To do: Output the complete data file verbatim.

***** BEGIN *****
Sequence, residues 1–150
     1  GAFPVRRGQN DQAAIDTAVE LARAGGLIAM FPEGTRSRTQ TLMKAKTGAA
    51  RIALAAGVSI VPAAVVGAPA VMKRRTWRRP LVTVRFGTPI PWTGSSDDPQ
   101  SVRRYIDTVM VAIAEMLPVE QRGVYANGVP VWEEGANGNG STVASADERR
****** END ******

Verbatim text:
Sequence, residues 1–150
     1  GAFPVRRGQN DQAAIDTAVE LARAGGLIAM FPEGTRSRTQ TLMKAKTGAA
    51  RIALAAGVSI VPAAVVGAPA VMKRRTWRRP LVTVRFGTPI PWTGSSDDPQ
   101  SVRRYIDTVM VAIAEMLPVE QRGVYANGVP VWEEGANGNG STVASADERR